Samsung Q70 review

Price when reviewed

We first examined the original Samsung Q70 over a year ago, and we were impressed: a 13in notebook with copious amounts of power, a decent screen and long-lasting battery life. That was a while ago, though, so we’ve got our hands on a new model to see if the latest raft of updates maintains the high standard.

Several key parts of the already-impressive specification have seen alterations. Chief among these is a processor upgrade: where the original Q70 made do with a 2GHz T7300, the latest model includes a beefier, Penryn-based T8100, which runs at 2.1GHz.

The hard disk has also been improved, with its capacity jumping from 160GB to a far more generous 250GB. The wireless internet has also seen an upgrade, with the 802.11abg classification of the original Q70 being joined by the newer draft-n standard.

The only component that hasn’t improved is the graphics. In fact, it has been downgraded: the Nvidia GeForce 8400M G has gone, in favour of Intel’s GMA X3100 integrated graphics. It’s not a huge loss, as neither GPU will have you playing modern games.

These changes mean that the Q70’s performance sees a welcome boost. The original Samsung scored 1.01 in our 2D benchmarks, but this Q70 scored a 10% improvement overall; it won’t have any trouble with the latest applications, and the 2GB RAM keeps it running smoothly.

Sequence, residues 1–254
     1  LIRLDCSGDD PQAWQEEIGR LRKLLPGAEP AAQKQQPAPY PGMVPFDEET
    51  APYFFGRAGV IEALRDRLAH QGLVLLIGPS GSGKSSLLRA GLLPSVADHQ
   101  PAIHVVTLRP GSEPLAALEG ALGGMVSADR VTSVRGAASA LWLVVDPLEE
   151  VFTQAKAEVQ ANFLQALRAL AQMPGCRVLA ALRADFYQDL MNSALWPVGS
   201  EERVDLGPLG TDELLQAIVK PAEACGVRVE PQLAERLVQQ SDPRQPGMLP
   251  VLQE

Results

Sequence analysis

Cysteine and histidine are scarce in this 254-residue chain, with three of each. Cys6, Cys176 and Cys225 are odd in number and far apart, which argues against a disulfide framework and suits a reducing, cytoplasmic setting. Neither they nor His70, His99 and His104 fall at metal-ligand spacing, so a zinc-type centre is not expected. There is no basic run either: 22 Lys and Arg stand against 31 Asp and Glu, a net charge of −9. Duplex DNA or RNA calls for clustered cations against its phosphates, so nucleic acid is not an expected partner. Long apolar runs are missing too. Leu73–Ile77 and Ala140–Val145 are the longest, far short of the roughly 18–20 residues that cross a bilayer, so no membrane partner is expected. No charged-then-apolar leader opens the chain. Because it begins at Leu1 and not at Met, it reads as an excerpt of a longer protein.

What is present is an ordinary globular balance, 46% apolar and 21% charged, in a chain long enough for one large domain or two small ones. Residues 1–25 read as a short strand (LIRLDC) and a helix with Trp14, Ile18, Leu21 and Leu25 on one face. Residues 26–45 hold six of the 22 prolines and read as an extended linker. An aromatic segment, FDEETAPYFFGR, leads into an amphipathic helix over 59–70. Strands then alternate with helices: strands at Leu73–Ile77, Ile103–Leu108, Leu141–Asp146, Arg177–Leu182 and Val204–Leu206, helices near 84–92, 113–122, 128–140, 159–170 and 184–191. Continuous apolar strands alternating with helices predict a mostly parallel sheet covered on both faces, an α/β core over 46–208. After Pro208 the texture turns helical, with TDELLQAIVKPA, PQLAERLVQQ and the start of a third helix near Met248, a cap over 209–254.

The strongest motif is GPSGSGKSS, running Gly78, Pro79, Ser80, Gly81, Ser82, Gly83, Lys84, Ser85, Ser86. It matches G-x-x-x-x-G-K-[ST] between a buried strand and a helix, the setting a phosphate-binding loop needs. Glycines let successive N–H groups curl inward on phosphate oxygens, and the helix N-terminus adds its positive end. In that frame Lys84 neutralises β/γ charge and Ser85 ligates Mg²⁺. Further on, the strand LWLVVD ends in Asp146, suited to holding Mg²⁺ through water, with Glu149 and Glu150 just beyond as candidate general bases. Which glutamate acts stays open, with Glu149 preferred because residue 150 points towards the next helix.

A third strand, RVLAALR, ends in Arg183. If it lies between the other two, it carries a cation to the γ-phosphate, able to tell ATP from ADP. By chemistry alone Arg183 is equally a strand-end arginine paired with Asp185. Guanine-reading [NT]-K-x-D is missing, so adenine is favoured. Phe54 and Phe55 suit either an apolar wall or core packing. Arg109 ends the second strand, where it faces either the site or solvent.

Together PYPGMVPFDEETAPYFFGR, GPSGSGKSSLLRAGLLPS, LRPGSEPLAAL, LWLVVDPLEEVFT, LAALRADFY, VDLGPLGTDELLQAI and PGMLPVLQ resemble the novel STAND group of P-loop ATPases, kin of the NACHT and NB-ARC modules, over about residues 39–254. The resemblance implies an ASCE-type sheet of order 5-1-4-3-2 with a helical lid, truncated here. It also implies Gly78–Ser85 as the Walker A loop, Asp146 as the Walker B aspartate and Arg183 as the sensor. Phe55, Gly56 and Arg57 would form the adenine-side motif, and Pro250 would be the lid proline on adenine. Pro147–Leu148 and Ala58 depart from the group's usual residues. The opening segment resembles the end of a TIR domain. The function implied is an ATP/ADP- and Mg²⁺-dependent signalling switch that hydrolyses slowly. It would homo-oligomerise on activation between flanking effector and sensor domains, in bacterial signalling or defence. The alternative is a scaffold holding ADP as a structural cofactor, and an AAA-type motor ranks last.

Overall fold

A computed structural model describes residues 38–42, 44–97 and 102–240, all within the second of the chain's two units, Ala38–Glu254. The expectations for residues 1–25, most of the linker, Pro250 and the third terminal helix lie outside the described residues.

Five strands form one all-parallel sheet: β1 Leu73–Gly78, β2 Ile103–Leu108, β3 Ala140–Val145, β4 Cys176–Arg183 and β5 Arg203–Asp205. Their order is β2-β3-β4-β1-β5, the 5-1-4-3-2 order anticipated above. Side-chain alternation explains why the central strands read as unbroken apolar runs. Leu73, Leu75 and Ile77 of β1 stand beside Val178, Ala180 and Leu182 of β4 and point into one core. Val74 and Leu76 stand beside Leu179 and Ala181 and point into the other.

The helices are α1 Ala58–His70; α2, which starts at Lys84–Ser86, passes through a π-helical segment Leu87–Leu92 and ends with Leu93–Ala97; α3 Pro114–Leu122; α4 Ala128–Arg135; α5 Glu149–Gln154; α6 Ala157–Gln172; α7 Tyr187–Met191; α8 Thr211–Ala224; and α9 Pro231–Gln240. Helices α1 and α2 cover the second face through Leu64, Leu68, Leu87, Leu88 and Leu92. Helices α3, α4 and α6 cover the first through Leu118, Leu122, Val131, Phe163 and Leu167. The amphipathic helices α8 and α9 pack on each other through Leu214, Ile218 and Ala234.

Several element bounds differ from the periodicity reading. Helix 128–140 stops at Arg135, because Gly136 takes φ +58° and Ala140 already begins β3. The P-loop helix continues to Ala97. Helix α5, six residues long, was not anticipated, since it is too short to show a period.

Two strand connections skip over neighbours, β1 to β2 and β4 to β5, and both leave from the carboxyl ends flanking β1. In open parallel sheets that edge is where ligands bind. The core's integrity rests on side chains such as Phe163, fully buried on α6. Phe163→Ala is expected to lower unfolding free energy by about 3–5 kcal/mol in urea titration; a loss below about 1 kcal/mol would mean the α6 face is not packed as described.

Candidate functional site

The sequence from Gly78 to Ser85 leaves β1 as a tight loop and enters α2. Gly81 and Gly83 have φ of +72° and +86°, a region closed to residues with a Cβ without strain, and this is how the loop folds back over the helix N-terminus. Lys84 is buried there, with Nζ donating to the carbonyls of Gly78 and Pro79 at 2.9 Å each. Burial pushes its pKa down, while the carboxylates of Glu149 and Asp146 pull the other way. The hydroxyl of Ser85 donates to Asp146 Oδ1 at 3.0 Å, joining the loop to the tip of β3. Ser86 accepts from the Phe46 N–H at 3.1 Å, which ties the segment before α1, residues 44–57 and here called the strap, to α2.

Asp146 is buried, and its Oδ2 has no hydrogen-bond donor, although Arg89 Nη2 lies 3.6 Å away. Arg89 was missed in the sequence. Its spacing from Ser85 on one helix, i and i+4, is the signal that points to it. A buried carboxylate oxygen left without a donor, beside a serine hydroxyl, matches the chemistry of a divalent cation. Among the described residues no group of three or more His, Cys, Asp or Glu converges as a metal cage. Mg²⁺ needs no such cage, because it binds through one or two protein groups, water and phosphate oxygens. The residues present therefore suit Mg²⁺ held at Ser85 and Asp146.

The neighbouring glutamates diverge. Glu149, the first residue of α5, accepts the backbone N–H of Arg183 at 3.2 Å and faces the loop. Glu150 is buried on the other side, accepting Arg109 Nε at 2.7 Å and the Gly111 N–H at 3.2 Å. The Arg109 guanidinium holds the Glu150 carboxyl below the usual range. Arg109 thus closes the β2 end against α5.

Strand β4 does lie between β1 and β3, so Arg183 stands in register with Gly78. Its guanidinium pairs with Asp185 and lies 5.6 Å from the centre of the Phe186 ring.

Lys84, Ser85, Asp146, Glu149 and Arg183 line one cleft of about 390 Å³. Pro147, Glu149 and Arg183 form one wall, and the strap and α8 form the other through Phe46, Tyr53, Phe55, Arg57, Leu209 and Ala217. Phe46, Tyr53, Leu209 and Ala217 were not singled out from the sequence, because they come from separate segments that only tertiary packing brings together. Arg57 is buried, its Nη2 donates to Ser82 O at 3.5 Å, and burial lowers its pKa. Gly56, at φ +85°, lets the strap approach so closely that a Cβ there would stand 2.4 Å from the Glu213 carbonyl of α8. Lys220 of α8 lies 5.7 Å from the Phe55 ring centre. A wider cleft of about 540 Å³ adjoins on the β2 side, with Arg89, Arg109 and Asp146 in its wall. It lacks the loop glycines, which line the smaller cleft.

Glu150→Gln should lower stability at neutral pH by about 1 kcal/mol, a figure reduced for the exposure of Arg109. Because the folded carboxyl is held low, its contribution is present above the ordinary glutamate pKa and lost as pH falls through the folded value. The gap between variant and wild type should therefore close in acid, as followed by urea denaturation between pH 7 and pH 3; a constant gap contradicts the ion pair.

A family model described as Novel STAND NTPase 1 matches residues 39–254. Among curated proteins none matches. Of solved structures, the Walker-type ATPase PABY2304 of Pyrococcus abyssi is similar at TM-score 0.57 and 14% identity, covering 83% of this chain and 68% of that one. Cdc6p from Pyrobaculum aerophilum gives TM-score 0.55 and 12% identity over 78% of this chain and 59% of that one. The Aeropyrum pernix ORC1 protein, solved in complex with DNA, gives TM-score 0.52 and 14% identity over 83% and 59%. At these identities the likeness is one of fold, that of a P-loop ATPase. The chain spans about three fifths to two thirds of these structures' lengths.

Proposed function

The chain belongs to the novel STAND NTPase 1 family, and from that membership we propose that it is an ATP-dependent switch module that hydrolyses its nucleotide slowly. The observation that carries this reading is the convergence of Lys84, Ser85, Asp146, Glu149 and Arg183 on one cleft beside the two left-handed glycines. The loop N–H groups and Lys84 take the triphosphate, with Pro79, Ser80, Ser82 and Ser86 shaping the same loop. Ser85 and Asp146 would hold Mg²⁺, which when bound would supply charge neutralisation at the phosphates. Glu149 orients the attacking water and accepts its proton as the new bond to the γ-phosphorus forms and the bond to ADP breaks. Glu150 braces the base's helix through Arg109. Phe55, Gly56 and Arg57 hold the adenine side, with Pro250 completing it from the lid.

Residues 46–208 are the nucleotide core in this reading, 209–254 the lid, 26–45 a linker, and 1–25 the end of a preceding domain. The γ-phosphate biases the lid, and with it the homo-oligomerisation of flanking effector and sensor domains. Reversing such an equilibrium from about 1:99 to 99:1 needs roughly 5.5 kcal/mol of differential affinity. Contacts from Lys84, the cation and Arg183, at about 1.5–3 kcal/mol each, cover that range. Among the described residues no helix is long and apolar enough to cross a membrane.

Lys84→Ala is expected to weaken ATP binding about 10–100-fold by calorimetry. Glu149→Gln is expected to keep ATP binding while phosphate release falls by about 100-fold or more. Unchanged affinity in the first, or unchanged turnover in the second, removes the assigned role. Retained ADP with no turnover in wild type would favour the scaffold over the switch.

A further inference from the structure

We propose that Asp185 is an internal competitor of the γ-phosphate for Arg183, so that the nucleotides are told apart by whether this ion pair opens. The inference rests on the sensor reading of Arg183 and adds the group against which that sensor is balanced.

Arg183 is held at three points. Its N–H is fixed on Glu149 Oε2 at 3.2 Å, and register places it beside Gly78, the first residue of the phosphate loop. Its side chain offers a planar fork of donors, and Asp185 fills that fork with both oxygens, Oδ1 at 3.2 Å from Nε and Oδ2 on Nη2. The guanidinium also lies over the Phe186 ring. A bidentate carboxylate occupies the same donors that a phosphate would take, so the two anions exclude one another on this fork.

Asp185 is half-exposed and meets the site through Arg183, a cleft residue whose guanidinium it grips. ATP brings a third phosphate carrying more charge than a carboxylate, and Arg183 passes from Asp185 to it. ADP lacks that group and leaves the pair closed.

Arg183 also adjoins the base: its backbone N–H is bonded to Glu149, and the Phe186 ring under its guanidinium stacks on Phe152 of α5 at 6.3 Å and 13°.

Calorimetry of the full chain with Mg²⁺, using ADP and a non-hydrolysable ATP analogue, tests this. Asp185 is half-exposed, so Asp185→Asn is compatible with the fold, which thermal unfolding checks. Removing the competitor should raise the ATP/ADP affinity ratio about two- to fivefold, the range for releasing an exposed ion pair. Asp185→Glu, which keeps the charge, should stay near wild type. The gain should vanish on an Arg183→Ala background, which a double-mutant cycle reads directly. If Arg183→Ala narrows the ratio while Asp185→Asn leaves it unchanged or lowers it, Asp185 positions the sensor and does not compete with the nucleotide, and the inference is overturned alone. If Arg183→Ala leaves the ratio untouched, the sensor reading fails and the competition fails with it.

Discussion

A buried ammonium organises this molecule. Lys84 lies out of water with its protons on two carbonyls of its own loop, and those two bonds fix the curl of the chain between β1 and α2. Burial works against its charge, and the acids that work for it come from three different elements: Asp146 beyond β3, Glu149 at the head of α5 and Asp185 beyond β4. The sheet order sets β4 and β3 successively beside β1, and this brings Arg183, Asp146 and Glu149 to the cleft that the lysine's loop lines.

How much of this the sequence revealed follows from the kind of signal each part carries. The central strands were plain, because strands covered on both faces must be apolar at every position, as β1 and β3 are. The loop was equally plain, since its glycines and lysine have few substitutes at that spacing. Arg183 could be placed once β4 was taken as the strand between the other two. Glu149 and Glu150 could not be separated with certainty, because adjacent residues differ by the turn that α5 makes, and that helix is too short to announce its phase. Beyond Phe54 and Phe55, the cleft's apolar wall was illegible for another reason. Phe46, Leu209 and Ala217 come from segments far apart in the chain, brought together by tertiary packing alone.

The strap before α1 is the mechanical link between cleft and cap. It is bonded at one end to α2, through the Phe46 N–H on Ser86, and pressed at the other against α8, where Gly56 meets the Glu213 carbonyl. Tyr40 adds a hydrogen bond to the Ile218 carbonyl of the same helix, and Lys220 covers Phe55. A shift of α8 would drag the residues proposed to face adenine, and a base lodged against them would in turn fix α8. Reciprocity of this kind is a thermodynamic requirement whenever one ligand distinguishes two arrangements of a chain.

Battery life is another area where the altered specification has had a positive effect. In our light use test, the Q70 lasted four hours – half an hour longer than the previous model.

The heavy use test – where we tax the computer with intensive benchmarks – gave us an hour and a half of use, an extra 19 minutes over the original. There’s also a small indicator on the battery itself, so you don’t have to boot the machine up to see how much charge you have left.

Aside from these changes, the Q70 is the same laptop as we’ve seen before – and so succeeds and fails in the same areas. It’s undoubtedly a stylish-looking notebook: Samsung’s familiar (and fingerprint-attracting) glossy black lid matches up with the angular base, which means that the two parts of the notebook dovetail together stylishly.

The screen is clear and vibrant, and ideal for general work – and we’d be confident to use it for photo editing, too. Our only complaint is that it’s a little too glossy for our liking, which can make using the Q70 a bit of a hassle in brightly lit rooms. The added sheen does make games and movies look even better, though.

it_photo_5849The keyboard is comfortable to use, although the layout is slightly odd. The Windows key is on the right-hand side, rather than the left, and the Function button occupies the bottom-left hand corner, rather than the Ctrl key. The keyboard doesn’t take up all of the available space, either (there’s an inch of empty chassis on either side of the keyboard), which makes the small Shift, Backspace and Enter keys seem superfluous.

The Q70 is quite bulky, too – the large base means that, at its thickest point, the Samsung is almost 5cm deep. The dimensions are worth considering if you’ll be carrying the Q70 with you regularly, although the 2kg weight does mean that it’s not prohibitively heavy.

While the few minor issues surrounding the Q70 may put you off, there’s no doubt that it’s a worthy update to an already solid notebook. The faster processor adds performance, the larger hard disk adds storage and the draft-n wireless improves its mobile credentials. It’s still an impressive all-rounder.

Disclaimer: Some pages on this site may include an affiliate link. This does not effect our editorial in any way.

Todays Highlights
How to See Google Search History
how to download photos from google photos